Mahogany Team 2018
Elyse Cooper, Richard Preston, Ryan Stocking
Unmanned Aerial Vehicle: Autonomous Control Search and Rescue
In the wake of a disaster, the goal of first responders is to find and secure affected civilians as quickly as possible. In cases where radioactive material is released, such as a nuclear meltdown or a dirty bomb attack, relief workers are highly impeded by harmful radiation. Uncertainty in contamination levels slows rescue efforts and trapped or injured survivors often wait hours or even days before responders are cleared to help.
Over the past few decades, many agencies and organizations have been using unmanned vehicles to assess and react to dangerous situations. With the recent explosion in popularity of commercial UAVs, their application in disaster response has become much more financially and technologically feasible. As the drone community has continued to grow, it has provided open-source solutions for GPS tracking, video streaming, and even autonomous flight. However, these systems fail to effectively integrate niche capabilities such as radiation sensing.
The UAV Autonomous Search and Rescue project has been ongoing in Dr. Karen Panetta’s Simulation Research Laboratory for several years. In the past, a standalone system was developed and tested which demonstrated the feasibility of radiation mapping on UAVs. Based on discussions with Dr. Panetta, Team Mahogany has identified the critical challenge of data fusion or integration of data from multiple sensors on one image. The Lab and its sponsors are particularly interested in visual images, radiation detection, and GPS coordinate mapping as they relate to this project.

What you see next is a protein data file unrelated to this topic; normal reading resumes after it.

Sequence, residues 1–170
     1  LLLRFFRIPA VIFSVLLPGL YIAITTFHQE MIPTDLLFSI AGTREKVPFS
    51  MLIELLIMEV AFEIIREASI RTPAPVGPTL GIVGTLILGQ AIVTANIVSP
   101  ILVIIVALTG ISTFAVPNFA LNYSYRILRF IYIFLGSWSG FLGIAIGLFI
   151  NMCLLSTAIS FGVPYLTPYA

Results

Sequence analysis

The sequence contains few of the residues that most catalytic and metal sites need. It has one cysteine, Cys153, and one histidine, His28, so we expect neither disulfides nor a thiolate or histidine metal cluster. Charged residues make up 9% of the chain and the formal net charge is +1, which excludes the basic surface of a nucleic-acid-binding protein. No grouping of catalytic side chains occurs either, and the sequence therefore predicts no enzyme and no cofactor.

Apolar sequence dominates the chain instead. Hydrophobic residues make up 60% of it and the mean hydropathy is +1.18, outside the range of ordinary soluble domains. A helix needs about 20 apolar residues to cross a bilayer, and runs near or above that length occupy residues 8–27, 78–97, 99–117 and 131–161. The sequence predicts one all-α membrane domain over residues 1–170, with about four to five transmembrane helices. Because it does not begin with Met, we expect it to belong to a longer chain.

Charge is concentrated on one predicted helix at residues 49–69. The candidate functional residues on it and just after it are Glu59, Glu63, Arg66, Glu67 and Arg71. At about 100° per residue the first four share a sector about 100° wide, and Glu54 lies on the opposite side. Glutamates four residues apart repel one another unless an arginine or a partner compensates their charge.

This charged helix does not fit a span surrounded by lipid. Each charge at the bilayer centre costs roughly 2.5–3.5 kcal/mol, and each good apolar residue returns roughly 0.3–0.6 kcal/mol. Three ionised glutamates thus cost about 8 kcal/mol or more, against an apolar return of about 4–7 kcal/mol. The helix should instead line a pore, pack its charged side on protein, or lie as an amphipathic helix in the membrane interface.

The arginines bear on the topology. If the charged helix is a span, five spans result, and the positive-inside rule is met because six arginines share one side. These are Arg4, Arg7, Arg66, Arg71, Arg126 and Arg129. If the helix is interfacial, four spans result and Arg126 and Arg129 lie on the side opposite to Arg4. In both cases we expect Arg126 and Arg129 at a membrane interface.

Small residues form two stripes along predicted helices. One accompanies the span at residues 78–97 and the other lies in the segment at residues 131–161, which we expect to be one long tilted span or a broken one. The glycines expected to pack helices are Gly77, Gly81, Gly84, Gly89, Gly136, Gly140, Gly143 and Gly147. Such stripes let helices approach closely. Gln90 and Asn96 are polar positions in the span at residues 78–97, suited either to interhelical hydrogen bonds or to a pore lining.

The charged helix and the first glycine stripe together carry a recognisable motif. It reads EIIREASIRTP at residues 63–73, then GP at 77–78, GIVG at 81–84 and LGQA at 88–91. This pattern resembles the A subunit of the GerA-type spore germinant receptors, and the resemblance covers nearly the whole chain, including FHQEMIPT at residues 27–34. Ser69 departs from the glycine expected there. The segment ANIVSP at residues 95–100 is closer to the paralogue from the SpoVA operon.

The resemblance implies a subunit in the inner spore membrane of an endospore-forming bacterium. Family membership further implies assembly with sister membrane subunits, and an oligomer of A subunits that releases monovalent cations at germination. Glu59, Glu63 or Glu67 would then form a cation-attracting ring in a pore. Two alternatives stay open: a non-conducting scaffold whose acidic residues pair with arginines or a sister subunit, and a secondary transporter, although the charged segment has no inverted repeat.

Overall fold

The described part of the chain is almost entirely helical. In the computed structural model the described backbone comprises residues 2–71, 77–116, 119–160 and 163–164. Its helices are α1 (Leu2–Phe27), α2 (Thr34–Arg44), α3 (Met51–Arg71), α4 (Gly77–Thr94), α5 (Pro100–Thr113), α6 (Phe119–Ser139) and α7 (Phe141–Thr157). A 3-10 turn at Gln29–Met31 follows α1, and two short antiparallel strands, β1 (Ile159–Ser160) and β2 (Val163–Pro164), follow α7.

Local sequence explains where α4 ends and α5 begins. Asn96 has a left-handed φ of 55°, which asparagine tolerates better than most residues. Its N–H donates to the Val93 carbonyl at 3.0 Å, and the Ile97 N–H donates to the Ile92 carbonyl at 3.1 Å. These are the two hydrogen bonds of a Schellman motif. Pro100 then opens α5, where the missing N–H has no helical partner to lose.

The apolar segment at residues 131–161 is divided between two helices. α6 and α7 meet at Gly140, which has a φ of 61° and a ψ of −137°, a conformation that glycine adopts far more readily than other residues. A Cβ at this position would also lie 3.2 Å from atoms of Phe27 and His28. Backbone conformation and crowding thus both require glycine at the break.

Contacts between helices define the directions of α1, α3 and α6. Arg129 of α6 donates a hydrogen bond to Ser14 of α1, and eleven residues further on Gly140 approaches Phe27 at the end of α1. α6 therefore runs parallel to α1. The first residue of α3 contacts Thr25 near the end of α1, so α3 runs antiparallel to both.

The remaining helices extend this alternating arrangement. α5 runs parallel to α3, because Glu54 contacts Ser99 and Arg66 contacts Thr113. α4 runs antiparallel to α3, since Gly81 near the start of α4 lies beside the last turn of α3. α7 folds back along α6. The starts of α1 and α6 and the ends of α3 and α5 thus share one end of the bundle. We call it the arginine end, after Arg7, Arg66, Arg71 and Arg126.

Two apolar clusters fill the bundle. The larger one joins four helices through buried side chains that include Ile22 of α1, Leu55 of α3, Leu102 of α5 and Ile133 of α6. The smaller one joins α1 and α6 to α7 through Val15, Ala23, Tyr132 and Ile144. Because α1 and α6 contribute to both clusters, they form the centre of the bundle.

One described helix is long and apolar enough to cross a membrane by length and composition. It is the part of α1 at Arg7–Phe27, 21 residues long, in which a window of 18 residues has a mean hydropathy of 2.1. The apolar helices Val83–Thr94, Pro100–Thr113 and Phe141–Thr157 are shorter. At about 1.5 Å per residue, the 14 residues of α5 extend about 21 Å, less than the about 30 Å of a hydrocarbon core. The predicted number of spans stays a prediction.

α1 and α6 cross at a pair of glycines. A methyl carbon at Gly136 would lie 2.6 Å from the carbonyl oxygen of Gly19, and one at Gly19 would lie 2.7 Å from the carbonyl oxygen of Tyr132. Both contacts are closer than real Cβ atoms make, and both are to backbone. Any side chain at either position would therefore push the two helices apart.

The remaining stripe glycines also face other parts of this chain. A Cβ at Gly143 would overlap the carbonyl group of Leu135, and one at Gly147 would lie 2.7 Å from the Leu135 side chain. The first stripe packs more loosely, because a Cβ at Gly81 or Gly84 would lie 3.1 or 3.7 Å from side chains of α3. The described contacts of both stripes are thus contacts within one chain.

In order to support the Lab’s goal of providing disaster responders with a solution for autonomous search and rescue, Team Mahogany developed a system which incorporates past research, existing open-source technology, and new hardware capabilities. We delivered a prototype of a custom vehicle attachment to record and transmit visual, GPS, and radiation data, and a USB device to receive the data in real time. Our solution will also include a software module implementing data fusion on a simple, effective user interface. With such a system, disaster workers will be able to more easily visualize the scene, which will translate into faster response times and fewer lives lost.
Related Tech Notes
- Modularity In Design by Elyse Cooper
- Data Fusion in Disaster Response by Richard Preston
- Real-Time Transmission of Images from a Drone by Ryan Stocking
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